This is me putting on a circus show for my parents. I spent weeks (or maybe really just a week) learning how to juggle, teaching my cat tricks, and mastering the magic of the disappearing thumb. Then I dressed up and made my parents watch me and applaud my endeavours. My dad sent me this photo this morning, and it made me chuckle and think about how much I’ve changed. He replied: “Actually, you haven’t changed at all.”
It’s true. I still get a kick out of people watching me perform. I would probably still rock a synthetic purple glitter blouse. It made me think of other ways I’ve stayed the same. A couple days ago, I showed a friend a video of the first song I’d learnt on guitar. My mum diligently videoed all my performances until I moved away from Belgium. After that one video, I started scrolling down and looking at the rest: me at twelve, at thirteen, at fifteen… But what struck me was how small the difference was between me at fifteen and me now.
“You’ve definitely learnt how to strum better,” my friend said. Which, by the way, I don’t think is true. He just hasn’t heard me strum yet. But everything else was pretty much the same. I was always slightly embarrassed about my fingerpicking style (I learnt one pattern when I was fifteen and decided that was enough) and spent years justifying my laziness by finding examples of successful musicians who weren’t great guitarists. What I didn’t realise was that by doing that, I was standing still.
I have always been proud of having started performing early – my first gig was when I was twelve and I’ve gigged regularly since. But I haven’t spent much time over these ten years practising – most of it was spent writing songs, singing songs I could play already, and doing everything other than playing the guitar. A while ago, though, I read ‘Grit’ by Angela Duckworth, where she wrote that hours spent doing something didn’t always translate to mastering a skill better. And then she wrote this:
Without effort, your skill is nothing more but what you could have done but didn’t.‘Grit: The Power of Passion and Perseverance’, Angela Duckworth
I realised that if I didn’t put the effort in, becoming a musician would also be something I could have done but didn’t. That effort was called deliberate practice.
Two months ago, I started practising every day for two hours. I want to say without fail, but of course the holidays became a two-week Netflix binge. I’m back on track now, though. I started playing scales, learnt Travis picking (fucking finally), learnt one or two covers a week (and this time, didn’t skip the solos and the intros), started reading more about music theory, and doing ear training exercises. For the first time in ten years, I also started doing vocal warmups.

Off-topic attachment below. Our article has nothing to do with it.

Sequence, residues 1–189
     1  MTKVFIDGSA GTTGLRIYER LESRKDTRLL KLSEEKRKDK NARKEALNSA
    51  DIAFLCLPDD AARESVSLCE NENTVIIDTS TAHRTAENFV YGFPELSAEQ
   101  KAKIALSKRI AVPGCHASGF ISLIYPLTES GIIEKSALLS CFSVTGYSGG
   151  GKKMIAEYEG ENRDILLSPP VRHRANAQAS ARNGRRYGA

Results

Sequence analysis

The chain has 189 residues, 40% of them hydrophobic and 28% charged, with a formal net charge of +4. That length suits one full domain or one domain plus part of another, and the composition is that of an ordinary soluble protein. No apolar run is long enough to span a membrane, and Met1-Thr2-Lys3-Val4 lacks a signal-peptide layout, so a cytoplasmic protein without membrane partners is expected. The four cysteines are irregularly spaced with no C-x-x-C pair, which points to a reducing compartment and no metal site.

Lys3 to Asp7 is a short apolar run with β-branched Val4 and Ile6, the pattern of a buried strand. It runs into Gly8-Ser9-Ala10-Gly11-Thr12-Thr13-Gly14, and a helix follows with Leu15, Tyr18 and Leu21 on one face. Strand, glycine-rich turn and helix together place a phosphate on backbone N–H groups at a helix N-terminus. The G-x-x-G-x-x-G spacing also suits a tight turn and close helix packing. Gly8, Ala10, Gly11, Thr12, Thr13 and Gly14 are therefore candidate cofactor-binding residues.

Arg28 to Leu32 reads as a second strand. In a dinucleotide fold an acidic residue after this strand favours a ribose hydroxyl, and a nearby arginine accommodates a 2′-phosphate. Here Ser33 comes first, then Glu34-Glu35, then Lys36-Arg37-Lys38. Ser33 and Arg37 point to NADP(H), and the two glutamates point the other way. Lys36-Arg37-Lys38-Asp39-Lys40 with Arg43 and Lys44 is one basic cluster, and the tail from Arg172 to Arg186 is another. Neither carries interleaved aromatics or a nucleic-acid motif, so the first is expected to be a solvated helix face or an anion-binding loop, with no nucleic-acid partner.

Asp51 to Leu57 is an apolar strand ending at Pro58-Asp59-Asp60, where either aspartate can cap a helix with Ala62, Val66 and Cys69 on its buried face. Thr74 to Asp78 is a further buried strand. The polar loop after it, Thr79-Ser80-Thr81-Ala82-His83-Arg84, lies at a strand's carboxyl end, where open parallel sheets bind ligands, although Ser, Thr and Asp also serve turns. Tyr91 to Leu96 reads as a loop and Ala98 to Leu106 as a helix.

I’m still getting the hang of deliberate practice, but I’ve made peace with the fact that it’s not always fun. It’s supposed to be hard and make you sweat just enough so you still have the courage to come back the day after. And it’s worth it – I’ve grown more as a musician in these last two months than I had in all the years of gigging combined.
Of course, when I wanted to show off my great new skills to my friend who had encouraged me to practice more in the first place, I choked and fucked up. But that doesn’t mean that I’m not getting better. It just means I have to keep practising.
Here are some resources I use in my deliberate practice sessions and some talks that have inspired me to keep going:
The famous TED talk by Angela Duckworth about work ethic, effort, and consistency.
Rick Beato talking about how to structure your practice routine.
Again, Rick Beato, bragging about how much he used to practice in his twenties. Whatever.
The ten essential scales you need to know. This website is generally good for guitarists who want to improve and includes tips on practice, books to read, exercises, etc.
LicknRiff is a Youtube channel with guitar lessons for intermediate and advanced lessons on fingerpicking. It’s geared towards those who play a nylon string. The guy who teaches it offers tabs for free as well, and his videos always feature his two dogs, which is almost an unnecessary bonus, really.
I’ve been going on about these for ages. But it’s Laura Marling. Herself. Teaching her own songs.
Ear Training and Music Theory
Some general explanations on how to improve and a series of seven ear training exercises you can do daily. Rick Beato’s channel in general is great for music theory explanations, so have a look around. I’m kind of obsessed, but maybe that’s also because I have a minor crush on the man.
A great website on music theory with ear training and theory exercises you can do. You can also select how advanced you want to go.